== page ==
Martina Devlin

Friday 1 August 2014

A civilian commissioner could cut through political issues and restore faith in gardai

Martina Devlin

Published 15/05/2014|02:30

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Minister for Justice Frances Fitzgerald. Photo: Gareth Chaney/Collins
Minister for Justice Frances Fitzgerald. Photo: Gareth Chaney/Collins

The politicisation of the heavily-bruised long arm of the law – also an arm of the State – can no longer continue. It must be detached from political oversight to achieve the much-cited (but little acted upon) aim of restoring public confidence in the gardai.

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Since the inception of the Irish State, policing has been essentially controlled by the government, through the political appointment of the Garda Commissioner.

Dedicated gardai and capable managers of them are what best serves the public interest. Political intrusion has helped to undermine the independence of the gardai.

A system of external, independent supervision of the police service is crucial, and we need to look abroad for best practices to be implemented. But here's another thought, as debate swirls about policing – not least, the challenge of persuading people that we can all expect to be treated equally under the law. Why not appoint a civilian commissioner?

The notion that the commissioner should be drawn automatically from garda upper echelons – and therefore embedded within the culture – is now being questioned. However, all the emphasis centres on the pros and cons of recruiting a commissioner from another police service. Another alternative exists: and it has been tried and tested.

There have been two civilian commissioners in garda history, both responsible for important modernisation work. Could a civilian appointment make swifter advances towards repairing public faith, as well as overseeing a more transparent and accountable policing system? Those two civilians who joined the gardai at the top rank left behind worthwhile legacies. They were drawn from government departments, and had proven management skills – both using their civil service experience to institute significant reforms. I don't suggest a civilian appointment must be a civil servant, necessarily – simply that a number of alternatives ought to be considered. Which skill sets are needed for the job? What career experience would be an asset?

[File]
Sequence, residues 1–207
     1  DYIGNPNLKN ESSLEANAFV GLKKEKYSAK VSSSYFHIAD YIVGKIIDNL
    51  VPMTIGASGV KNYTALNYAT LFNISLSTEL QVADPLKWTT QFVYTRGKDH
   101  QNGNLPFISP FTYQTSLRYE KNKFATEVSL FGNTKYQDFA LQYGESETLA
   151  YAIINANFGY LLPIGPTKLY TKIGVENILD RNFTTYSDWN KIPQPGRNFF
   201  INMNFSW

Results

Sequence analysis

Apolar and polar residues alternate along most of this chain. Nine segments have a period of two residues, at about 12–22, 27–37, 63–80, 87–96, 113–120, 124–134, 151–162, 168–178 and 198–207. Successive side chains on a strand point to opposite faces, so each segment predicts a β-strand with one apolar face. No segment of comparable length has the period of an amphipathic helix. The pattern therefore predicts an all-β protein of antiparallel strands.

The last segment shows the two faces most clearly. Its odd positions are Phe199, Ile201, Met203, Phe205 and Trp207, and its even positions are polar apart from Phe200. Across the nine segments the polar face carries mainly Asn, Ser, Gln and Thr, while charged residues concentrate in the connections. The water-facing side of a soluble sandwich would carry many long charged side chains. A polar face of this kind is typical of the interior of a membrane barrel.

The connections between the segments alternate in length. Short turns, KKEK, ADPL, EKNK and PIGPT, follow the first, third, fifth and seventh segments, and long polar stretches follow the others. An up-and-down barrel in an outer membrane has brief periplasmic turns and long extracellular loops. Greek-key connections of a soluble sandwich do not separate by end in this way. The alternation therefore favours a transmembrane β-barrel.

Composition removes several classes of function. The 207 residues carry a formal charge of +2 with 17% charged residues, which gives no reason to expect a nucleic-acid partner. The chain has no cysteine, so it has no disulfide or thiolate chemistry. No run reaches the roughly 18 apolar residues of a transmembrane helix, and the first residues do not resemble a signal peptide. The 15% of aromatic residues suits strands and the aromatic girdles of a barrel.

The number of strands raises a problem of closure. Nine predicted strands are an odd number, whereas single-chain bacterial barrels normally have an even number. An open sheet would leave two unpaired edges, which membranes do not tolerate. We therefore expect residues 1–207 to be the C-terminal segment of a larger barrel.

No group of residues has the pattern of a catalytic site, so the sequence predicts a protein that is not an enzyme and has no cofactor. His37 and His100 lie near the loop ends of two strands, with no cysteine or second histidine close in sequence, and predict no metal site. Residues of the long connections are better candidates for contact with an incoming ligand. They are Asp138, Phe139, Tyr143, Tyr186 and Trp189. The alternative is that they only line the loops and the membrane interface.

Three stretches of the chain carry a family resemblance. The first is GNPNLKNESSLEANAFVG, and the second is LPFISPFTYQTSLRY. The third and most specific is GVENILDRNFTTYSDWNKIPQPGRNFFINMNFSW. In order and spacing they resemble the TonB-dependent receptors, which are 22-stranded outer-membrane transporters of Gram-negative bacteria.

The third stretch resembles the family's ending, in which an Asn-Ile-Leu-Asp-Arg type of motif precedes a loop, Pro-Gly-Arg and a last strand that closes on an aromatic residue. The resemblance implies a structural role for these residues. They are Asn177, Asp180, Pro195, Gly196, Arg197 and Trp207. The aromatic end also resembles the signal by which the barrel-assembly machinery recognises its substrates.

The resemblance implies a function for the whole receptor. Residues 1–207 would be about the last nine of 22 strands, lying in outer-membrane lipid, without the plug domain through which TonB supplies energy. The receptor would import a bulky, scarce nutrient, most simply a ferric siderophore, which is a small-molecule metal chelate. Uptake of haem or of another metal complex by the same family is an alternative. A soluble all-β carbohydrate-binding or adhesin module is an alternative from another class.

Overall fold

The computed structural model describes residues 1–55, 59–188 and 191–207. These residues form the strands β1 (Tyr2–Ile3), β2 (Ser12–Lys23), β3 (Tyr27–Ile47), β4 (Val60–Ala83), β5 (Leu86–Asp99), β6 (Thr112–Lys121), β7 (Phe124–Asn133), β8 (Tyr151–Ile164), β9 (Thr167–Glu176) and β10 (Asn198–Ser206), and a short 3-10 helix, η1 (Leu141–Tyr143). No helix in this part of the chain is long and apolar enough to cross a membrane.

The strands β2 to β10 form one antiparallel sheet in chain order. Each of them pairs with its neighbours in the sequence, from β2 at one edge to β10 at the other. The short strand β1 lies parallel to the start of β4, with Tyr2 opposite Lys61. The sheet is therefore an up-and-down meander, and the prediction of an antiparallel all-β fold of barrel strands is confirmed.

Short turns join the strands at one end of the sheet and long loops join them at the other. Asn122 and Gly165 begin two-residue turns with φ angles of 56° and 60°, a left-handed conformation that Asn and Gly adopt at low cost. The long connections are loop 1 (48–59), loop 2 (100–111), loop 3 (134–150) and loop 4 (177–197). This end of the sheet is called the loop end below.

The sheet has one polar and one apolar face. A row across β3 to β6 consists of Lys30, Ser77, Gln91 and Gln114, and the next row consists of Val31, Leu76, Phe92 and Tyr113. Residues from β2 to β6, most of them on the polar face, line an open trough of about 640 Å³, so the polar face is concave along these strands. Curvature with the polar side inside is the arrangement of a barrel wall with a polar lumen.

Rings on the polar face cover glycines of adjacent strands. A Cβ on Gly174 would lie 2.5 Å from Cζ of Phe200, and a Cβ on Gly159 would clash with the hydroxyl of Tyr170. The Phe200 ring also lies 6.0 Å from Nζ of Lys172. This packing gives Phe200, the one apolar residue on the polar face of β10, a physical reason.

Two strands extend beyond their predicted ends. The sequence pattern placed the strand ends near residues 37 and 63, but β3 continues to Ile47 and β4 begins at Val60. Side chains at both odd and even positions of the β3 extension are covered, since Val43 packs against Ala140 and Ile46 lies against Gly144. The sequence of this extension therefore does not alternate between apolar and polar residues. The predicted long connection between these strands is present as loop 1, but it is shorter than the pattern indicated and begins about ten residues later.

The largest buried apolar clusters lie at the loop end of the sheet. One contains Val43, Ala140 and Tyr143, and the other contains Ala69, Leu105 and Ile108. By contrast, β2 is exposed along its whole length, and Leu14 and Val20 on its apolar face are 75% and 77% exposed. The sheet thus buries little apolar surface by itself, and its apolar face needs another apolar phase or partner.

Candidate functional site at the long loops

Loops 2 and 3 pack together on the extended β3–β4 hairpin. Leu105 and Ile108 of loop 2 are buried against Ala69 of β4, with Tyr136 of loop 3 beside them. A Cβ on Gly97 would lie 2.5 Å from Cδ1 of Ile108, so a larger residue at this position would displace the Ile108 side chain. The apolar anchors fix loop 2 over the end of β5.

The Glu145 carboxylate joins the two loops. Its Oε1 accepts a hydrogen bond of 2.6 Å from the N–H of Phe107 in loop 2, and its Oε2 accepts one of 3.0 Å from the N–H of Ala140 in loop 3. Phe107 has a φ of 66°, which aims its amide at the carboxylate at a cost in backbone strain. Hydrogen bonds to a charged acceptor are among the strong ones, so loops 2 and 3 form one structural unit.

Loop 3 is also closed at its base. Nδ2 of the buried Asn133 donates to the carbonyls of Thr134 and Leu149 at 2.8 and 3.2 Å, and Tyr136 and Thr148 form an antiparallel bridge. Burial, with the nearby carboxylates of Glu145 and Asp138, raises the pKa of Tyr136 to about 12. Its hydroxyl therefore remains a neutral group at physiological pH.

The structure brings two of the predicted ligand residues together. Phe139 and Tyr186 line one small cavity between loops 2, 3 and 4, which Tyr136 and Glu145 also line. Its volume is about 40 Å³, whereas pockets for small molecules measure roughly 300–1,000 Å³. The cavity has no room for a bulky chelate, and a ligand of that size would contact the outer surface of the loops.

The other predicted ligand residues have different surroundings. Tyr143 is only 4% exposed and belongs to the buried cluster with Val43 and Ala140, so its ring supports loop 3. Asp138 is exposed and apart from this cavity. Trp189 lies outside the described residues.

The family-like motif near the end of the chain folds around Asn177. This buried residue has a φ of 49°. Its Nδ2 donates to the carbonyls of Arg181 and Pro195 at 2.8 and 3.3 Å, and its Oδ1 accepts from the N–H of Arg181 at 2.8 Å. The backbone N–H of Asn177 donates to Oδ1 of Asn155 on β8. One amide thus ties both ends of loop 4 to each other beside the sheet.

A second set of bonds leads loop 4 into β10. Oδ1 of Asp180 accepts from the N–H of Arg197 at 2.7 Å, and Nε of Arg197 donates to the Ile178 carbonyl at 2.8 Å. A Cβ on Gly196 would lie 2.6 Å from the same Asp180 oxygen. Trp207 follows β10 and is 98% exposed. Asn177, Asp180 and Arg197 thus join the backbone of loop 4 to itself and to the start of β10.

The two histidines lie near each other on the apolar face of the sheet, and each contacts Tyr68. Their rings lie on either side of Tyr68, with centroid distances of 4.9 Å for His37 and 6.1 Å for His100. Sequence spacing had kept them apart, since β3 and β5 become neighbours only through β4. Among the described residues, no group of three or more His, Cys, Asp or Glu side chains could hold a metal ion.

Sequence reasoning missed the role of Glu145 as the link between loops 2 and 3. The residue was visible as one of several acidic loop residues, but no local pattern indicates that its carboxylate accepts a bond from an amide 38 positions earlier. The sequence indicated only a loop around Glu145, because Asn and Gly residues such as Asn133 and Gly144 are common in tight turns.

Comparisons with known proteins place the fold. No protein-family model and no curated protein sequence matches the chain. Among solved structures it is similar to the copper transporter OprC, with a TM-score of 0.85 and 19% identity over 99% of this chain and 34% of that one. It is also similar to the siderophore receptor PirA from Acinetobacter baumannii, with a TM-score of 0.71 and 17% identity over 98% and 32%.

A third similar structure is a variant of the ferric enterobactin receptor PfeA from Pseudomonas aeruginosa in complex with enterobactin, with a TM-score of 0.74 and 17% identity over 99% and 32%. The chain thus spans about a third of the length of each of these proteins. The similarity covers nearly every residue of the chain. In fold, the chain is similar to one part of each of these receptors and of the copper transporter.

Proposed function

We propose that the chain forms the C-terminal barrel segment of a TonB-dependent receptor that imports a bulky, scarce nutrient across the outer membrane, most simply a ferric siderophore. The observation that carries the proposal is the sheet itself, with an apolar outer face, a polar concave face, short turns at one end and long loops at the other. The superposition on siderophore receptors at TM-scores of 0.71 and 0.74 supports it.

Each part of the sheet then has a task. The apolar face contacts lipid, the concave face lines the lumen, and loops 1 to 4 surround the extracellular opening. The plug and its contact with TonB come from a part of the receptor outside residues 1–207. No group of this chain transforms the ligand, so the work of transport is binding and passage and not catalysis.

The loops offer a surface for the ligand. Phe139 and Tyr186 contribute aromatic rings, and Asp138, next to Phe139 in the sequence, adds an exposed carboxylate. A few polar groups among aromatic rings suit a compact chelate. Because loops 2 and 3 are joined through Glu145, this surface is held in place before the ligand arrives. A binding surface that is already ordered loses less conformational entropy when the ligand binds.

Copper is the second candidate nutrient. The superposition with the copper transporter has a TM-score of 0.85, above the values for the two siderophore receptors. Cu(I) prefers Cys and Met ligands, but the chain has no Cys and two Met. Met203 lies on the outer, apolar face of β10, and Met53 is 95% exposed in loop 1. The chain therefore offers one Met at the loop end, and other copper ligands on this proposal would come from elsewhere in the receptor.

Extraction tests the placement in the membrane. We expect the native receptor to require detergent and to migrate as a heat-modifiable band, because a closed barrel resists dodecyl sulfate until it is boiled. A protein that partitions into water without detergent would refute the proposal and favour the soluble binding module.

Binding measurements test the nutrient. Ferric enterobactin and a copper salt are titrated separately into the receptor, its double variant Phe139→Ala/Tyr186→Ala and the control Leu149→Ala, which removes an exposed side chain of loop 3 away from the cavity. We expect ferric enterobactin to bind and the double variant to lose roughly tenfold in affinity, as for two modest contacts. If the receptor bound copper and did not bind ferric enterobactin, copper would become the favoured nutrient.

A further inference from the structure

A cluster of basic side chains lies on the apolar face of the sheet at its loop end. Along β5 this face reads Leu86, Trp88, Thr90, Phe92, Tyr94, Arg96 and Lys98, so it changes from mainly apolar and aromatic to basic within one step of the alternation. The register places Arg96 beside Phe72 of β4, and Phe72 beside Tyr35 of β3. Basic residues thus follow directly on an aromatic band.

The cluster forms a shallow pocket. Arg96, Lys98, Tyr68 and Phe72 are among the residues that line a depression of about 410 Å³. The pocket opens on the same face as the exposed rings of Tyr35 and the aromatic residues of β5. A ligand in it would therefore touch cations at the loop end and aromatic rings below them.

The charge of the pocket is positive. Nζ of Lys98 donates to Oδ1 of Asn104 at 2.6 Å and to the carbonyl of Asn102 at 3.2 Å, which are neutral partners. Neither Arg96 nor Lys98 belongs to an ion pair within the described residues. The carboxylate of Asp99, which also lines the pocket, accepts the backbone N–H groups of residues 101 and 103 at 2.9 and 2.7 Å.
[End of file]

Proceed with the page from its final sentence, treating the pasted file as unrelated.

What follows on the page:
Some may argue that a civilian commissioner would not inspire staff loyalty, but a lack of service records was no problem for the two men who have taken on the role.

The first civilian commissioner was Michael Kinnane, the fourth to hold office. He was assistant secretary of the Department of Justice when appointed Garda Commissioner in 1938. UCD professor of modern history Diarmaid Ferriter describes him as enlightened and popular. He said: "He tried to bring garda working hours into line with those in other professions . . . and helped to institute a system of negotiations between government and garda representatives aimed at improving salaries and welfare. He also started the revision of the outdated police code inherited from the Royal Irish Constabulary."